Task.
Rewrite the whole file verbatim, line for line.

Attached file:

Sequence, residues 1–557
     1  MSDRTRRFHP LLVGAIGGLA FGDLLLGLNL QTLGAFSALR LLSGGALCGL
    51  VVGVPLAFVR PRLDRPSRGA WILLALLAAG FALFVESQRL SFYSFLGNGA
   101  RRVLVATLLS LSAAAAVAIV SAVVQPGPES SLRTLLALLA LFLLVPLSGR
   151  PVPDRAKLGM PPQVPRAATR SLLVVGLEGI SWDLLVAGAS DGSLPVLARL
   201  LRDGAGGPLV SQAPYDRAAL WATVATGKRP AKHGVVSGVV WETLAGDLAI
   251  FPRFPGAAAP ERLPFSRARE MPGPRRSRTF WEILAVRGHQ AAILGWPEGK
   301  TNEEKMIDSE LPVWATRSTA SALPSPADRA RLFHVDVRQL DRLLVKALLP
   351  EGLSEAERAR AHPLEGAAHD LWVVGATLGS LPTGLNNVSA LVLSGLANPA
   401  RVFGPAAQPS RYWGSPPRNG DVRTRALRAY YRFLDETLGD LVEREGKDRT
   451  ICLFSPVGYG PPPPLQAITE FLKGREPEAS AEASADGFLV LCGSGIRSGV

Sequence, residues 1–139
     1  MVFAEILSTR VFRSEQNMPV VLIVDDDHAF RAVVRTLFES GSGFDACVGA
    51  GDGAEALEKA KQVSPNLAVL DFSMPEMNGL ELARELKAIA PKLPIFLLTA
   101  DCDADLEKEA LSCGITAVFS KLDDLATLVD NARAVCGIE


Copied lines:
Sequence, residues 1–557
     1  MSDRTRRFHP LLVGAIGGLA FGDLLLGLNL QTLGAFSALR LLSGGALCGL
    51  VVGVPLAFVR PRLDRPSRGA WILLALLAAG FALFVESQRL SFYSFLGNGA
   101  RRVLVATLLS LSAAAAVAIV SAVVQPGPES SLRTLLALLA LFLLVPLSGR
   151  PVPDRAKLGM PPQVPRAATR SLLVVGLEGI SWDLLVAGAS DGSLPVLARL
   201  LRDGAGGPLV SQAPYDRAAL WATVATGKRP AKHGVVSGVV WETLAGDLAI
   251  FPRFPGAAAP ERLPFSRARE MPGPRRSRTF WEILAVRGHQ AAILGWPEGK
   301  TNEEKMIDSE LPVWATRSTA SALPSPADRA RLFHVDVRQL DRLLVKALLP
   351  EGLSEAERAR AHPLEGAAHD LWVVGATLGS LPTGLNNVSA LVLSGLANPA
   401  RVFGPAAQPS RYWGSPPRNG DVRTRALRAY YRFLDETLGD LVEREGKDRT
   451  ICLFSPVGYG PPPPLQAITE FLKGREPEAS AEASADGFLV LCGSGIRSGV

Sequence, residues 1–139
     1  MVFAEILSTR VFRSEQNMPV VLIVDDDHAF RAVVRTLFES GSGFDACVGA
    51  GDGAEALEKA KQVSPNLAVL DFSMPEMNGL ELARELKAIA PKLPIFLLTA
   101  DCDADLEKEA LSCGITAVFS KLDDLATLVD NARAVCGIE